The section had the support of cement maker Lafarge Africa Plc and its representative, Mr. Greg Salami, made a presentation on efforts his company was making to adopt biofuels and reduce the use of fossil fuels in its operations, including planting of trees at its old quarry sites.
  Also, the wife of the state governor and an environmentalist, Mrs. Olufunso Amosun, charged the students to embrace the ‘Green Empathy’ philosophy of the three ‘Rs’ by ‘reusing, reducing and recycling’ materials to save the environment. She encouraged the students to put a smile on other people’s faces by giving out their old and discarded materials rather than throw them away to litter the environment. Amosun also preached the philosophy of her pet project ‘Gefty Gospel of Green Education’ to them and distributed her book Green Education for the Youth: ‘Empowering our Youth to Save the earth.’
  Abuja-based environmental campaigner Ms Funto Borofice spoke to the students on taking responsibility for the environment for its sustainability.
  However, the highlight of the day was the documentary film Nowhere to Run shown to the students. Incidentally, it has Ken Saro-Wiwa Jnr, son of the murdered environmental activist, as narrator. The film was being shown to the public for the first time, and it made a huge impact on the young audience for whom the monumental environmental degradation in the Niger Delta was sore news. When they stood up to express how they felt about the issues the documentary raised, some were close to tears and said they didn’t know anyone was being subjected to such horrendous hazards and urged those in authority to urgently mitigate the disaster already foisted on the hapless people of all degraded environments in the country.
  Nowhere to Run is a carefully crafted docu-film that lays bare the country’s underbelly in terms of poor vision of managers of its affairs. In fact, a deeply philosophical Igbo proverb sums it all up, “He who burns down his own father’s house inherits the ashes!” Indeed, Nowhere to Run explicitly depicts the waywardness of Nigeria’s managers as foolish sons who willfully burn down their father’s house. What would such wayward sons bequeath to their own children who come after them?
  And so from the desertification in the north that is driving people down south and issues of cattle grazing on farmlands, cattle rustling and communal violence as a result down to the Niger Delta’s polluted environment and the hazard it poses to lives and erosion in the south-east, with whole communities being washed away by erosion, a documentary couldn’t be more telling on the implication of a people living recklessly and burying their heads in the sand in the face of grave problems. It was Ake Art and Book Festival organiser Lola Shoneyin who put it succinctly, when she said at the end, “We’re sitting on an environmental disaster in this country!”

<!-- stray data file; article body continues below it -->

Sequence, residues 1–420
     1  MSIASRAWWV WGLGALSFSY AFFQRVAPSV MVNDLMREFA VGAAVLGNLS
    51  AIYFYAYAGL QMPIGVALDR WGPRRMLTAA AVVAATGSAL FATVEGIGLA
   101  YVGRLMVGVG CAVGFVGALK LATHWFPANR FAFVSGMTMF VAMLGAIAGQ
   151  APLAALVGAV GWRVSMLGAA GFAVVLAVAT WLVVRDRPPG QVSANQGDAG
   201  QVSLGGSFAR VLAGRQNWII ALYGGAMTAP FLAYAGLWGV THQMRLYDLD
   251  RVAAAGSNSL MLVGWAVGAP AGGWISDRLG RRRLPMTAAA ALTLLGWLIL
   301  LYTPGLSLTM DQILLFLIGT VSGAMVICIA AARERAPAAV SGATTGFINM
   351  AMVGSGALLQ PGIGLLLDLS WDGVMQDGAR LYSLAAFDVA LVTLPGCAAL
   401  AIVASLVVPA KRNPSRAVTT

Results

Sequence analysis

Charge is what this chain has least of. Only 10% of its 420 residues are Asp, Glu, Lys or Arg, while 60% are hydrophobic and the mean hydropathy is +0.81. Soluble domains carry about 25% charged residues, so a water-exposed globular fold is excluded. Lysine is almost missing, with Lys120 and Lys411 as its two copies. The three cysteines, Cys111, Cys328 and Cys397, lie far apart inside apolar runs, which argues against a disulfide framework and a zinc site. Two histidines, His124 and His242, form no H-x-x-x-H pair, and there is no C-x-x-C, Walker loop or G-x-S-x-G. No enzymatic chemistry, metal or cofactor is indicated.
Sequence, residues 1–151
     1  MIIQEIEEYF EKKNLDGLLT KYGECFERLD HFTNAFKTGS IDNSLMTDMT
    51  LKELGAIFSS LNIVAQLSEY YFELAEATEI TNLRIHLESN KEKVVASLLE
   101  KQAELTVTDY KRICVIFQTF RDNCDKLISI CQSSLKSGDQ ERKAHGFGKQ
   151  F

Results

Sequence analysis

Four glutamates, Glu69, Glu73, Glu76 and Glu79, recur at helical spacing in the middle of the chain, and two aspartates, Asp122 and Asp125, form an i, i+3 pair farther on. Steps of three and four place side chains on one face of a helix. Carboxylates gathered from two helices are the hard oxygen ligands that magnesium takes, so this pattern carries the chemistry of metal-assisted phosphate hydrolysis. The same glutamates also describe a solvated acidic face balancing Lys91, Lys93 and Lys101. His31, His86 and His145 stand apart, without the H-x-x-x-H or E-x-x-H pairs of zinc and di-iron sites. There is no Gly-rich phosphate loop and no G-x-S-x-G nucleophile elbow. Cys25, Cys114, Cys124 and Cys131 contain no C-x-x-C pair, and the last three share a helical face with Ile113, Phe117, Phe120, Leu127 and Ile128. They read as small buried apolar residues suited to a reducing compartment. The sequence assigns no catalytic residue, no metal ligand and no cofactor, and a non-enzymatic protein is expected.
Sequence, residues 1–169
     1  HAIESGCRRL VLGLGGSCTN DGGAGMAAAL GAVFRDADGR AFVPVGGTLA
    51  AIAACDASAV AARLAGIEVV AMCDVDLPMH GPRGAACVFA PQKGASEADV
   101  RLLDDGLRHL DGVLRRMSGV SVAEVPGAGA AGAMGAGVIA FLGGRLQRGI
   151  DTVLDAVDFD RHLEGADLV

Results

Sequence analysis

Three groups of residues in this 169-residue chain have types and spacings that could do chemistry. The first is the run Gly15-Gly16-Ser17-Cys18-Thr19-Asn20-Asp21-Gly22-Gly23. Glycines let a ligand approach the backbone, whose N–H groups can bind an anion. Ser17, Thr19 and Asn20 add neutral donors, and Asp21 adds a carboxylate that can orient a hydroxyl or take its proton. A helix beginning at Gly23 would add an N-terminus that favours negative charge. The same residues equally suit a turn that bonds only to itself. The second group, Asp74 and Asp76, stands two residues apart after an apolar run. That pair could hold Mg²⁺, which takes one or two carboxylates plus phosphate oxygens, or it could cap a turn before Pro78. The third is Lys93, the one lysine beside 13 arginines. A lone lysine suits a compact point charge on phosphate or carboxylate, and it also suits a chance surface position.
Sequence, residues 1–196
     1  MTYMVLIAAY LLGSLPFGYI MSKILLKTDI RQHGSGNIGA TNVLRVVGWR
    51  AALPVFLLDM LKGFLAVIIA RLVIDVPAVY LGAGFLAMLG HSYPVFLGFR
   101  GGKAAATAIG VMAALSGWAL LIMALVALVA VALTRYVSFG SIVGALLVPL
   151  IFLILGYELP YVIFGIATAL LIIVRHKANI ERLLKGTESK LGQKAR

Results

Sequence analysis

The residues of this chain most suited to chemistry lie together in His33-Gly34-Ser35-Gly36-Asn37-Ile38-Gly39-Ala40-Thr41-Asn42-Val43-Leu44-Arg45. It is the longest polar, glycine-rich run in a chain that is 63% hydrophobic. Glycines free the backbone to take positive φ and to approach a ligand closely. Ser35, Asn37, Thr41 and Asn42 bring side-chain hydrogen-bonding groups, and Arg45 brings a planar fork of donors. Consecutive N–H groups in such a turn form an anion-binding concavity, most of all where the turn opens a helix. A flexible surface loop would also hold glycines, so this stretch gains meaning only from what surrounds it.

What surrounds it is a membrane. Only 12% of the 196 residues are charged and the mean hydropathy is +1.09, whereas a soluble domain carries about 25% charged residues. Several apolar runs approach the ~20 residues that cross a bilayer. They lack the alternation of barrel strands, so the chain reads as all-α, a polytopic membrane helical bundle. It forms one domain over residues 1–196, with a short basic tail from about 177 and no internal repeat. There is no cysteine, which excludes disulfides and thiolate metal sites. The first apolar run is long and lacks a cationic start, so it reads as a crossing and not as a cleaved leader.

The film has such telling sub-titles as ‘The Desert Dunes’ to highlight desertification, the Lake Chad debacle, to ‘Fire in the Sky’ for gas flaring and polluted Niger Delta environment and how what it means for climate change that causes ‘The Rising Tide’ that threaten those living in coastal areas. Also with the activities of man logging wood for economic reasons and not replacing same sets the tone for ‘Disappearing Trees’ and ‘Loose Soil’ that accounts for erosion in most places to the country’s inability to harness its solar power potentials in ‘Power Starved Nation’ and ‘Doing it for ourselves – Afforestation,’ the film created solid resonance that would affect audiences across the world.
  Nowhere to Run has an impressive array of environmental activists and those working to save the earth as resource persons; they gave depth to the issues the film highlights. Nimmo Bassey, Liza Badsby, Peter Jenkins, Dr. Michael Egbedike, Hannah Kabir, Amara Mwampa, Godknows Igali, Inimo Samiama and several local respondents are among those interviewed.
  Simple messages ring true from the film – We need to start seeing our environment as a resource we need to protect – Government should rise up to its responsibility; there should be a paradigm shift – We are not apart from nature; we part of nature. We have only this earth.

ASSOCIATION of Nigerian Authors (ANA) held its yearly convention in Kaduna where a new executive was elected. Mr Denja Abdullahi defeated BM Dzukogu to emerge president of the association. During the same week Africa International Film Festival (AFRIFF) was held in Lagos to critical acclaim in celebration of African films. Eko International Film Festival capped the film festival train in Lagos. Yet to come though is Austin-Peters’ second Broadway-type musical theatre Wakaa The Musical that would end a remarkable year of culture feast that happened without government’s input whatsoever. Obviously, this should be of concern to President Buhari.

Becoming… Sonuga takes women’s issues to the big stage

By Anote Ajeluorou